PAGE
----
Associate Professor of Management
Ph.D., Northwestern University (MEDS)
M. A., Beijing University, China
B. A., Beijing University, China
Professor Susan Feng Lu joined the Krannert Faculty in 2014. She earned her Ph.D in the Kellogg School of Management at Northwestern University. Before coming to Purdue, she was an assistant professor of economics and management at the University of Rochester.
In her research, Professor Lu examines how information problems affect individual behavior and the organization of firms and markets, especially the structure of those industries related to health care. Her current research focuses on three lines concerning information and reputation. The first and main line of research investigates how information affects the behavior of nursing homes. The second line of her research focuses on health analytics with an emphasis on how new information technology changes the landscape of healthcare delivery. In the third line of research, she studies the impact of scientific misconducts on the reputation of individual researchers, and on innovation of a scientific field due to asymmetric information.
Professor Lu's work has appeared in journals including Science, Nature Scientific Reports, Review of Economics and Statistics, Management Science, and Journal of Health Economics. Some of her work have been covered by media such as the Nature, the Freakeconomics, Vox and the Retraction Watch. She won the American Society of Health Economists (ASHE) student paper award, the Early Career Investigator by the NIH-funded HMORN conference, the Health Information Technology (WHITE) best paper award and the 52th Hawaii International Conference on System Sciences best paper award.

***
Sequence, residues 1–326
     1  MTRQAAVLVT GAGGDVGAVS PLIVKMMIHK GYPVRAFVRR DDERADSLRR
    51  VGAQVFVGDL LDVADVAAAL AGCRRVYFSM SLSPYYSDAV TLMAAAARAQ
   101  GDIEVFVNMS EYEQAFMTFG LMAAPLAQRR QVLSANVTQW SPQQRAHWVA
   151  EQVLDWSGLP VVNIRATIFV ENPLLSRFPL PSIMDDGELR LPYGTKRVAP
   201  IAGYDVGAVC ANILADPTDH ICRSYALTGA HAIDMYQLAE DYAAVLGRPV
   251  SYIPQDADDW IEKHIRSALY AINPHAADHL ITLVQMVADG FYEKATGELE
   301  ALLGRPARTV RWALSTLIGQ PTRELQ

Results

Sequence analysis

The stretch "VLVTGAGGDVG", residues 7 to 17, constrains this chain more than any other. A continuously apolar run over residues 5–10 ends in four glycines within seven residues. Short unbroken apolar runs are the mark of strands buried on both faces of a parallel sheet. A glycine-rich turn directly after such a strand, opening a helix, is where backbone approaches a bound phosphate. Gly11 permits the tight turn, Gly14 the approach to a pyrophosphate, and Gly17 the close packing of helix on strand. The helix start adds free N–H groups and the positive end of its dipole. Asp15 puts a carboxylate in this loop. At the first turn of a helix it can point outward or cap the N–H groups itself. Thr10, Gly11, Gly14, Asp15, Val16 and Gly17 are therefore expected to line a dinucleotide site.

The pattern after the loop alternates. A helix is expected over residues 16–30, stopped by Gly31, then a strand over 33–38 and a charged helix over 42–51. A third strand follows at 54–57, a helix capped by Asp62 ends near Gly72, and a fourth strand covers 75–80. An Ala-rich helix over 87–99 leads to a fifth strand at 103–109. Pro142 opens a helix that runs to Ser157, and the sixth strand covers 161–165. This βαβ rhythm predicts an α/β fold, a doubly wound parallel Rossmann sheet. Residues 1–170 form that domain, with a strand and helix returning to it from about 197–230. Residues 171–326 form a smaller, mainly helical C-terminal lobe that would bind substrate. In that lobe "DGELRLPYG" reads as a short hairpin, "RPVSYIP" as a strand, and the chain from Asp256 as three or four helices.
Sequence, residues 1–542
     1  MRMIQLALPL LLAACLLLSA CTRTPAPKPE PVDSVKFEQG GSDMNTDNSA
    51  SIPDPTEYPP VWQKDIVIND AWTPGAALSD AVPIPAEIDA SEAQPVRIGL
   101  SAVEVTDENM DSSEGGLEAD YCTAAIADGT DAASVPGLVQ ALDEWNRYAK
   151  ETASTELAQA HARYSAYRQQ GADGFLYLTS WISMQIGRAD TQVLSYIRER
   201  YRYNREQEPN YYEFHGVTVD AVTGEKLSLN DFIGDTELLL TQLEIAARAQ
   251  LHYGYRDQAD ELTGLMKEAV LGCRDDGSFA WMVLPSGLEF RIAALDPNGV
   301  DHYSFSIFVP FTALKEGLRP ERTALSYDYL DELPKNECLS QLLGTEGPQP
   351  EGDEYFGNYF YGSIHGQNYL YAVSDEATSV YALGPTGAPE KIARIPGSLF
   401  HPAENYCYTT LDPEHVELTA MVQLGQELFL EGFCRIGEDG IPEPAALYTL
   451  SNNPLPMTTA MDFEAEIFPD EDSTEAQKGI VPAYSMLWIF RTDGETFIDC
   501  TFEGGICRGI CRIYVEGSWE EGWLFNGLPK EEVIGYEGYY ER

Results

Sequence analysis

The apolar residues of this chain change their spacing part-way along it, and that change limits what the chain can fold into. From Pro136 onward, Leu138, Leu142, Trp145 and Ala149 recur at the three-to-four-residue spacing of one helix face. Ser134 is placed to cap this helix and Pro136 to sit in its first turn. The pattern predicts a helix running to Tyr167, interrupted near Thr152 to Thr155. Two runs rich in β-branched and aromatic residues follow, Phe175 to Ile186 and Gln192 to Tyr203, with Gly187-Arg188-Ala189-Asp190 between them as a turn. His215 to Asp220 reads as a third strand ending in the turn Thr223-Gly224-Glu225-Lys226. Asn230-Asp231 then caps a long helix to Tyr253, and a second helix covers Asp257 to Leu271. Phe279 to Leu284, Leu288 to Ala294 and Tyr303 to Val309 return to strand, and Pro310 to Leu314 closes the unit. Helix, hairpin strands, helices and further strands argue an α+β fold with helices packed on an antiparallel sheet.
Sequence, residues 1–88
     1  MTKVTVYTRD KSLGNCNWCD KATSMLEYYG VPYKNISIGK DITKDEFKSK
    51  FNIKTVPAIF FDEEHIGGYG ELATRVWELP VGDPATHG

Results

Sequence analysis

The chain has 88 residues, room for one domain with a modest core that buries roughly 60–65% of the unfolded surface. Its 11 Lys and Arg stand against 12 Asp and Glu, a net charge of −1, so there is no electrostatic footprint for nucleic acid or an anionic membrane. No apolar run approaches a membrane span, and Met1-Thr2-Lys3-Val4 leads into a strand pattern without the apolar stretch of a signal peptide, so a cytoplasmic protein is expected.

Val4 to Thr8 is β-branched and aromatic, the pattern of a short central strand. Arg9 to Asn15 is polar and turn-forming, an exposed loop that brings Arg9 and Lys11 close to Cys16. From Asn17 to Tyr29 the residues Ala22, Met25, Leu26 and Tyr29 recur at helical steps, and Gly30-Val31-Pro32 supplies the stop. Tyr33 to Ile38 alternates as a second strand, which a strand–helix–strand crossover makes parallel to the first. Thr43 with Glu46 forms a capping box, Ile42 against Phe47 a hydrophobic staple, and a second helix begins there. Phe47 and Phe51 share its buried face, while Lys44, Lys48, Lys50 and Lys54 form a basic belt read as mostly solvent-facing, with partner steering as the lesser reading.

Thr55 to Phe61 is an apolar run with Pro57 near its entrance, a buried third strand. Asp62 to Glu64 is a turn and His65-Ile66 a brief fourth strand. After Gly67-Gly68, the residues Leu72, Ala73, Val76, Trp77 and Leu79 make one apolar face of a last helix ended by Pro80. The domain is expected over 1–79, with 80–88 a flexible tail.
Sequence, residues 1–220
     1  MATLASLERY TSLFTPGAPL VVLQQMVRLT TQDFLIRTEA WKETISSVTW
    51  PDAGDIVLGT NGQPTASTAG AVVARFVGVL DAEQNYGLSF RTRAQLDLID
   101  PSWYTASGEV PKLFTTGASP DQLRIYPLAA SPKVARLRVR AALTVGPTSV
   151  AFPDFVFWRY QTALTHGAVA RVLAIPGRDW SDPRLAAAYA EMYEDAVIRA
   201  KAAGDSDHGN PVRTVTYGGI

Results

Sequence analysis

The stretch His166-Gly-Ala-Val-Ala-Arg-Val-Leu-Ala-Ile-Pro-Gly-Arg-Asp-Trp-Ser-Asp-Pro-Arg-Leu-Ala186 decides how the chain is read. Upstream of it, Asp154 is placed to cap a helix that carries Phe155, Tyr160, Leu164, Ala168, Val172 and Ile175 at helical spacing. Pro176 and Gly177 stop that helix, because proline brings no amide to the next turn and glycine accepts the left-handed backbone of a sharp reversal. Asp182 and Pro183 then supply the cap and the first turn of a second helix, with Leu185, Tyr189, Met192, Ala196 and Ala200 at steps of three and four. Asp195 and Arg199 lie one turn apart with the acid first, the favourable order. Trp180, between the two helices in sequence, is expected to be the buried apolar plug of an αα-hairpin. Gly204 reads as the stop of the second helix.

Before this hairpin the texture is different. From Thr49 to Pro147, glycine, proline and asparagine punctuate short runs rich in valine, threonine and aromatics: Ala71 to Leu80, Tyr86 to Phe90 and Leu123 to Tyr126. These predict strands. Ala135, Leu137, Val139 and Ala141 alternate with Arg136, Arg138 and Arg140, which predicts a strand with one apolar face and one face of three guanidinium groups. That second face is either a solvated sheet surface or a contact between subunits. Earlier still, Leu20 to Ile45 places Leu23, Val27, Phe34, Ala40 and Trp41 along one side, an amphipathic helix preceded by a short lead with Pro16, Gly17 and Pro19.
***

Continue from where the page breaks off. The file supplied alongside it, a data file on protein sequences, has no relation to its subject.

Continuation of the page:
Who Gets Blamed When a Group Project Goes Wrong?
Consequences stick to some team members more than others, according to a new study of retracted academic papers based on research co-authored by Krannert Professor Susan Feng Lu. The researchers looked at retracted academic articles with multiple authors and compared how frequently each author continued to be cited by fellow scholars following the retraction. Crunching the numbers, they found that the more junior members of the team saw a substantial decline in citations of their work, while the more eminent members experienced little or no change.
- Three-Day Stay Rule Generates Up to $447M in Extra Medicare Spending
The three-day hospital stay rule required for Medicare to cover subsequent skilled nursing facility stays may have generated millions in extra payments to SNFs, a new working paper from the National Bureau of Economic Research suggests.
- Study by Krannert prof Susan Lu shows cardiac surgeons’ online ratings prove reliable
Looking for a high-caliber surgeon may be easier than previously thought. Critics of online rating platforms have stated that online physicians’ ratings are nothing more than a popularity contest, based on the interpersonal encounter a patient has with their doctor, rather than on the doctor’s attentiveness to current best practices. Even though the system has been met with skepticism, a new study suggests that the time-honored word-of-mouth method for finding quality health care may hold up after all.
- Economics gets out more often: Using extramural citations to assess economic scholarship
Economics, and economists, are often accused of insularity and hubris, and of talking primarily to themselves in their research. This column, coauthored by Krannert's Susan Lu, uses a recent analysis of citations to and from other disciplines to show that this is no longer the case.
- Checking the pulse on health-care staffing
Working long hours takes a toll. It also can be counterproductive and is commonly linked to more stress and errors.
- Doing the right thing: Scientists reward authors who report their own errors, says study
We’ve always like to highlight cases in which scientists do the right thing and retract problematic papers themselves, rather than being forced to by editors and publishers.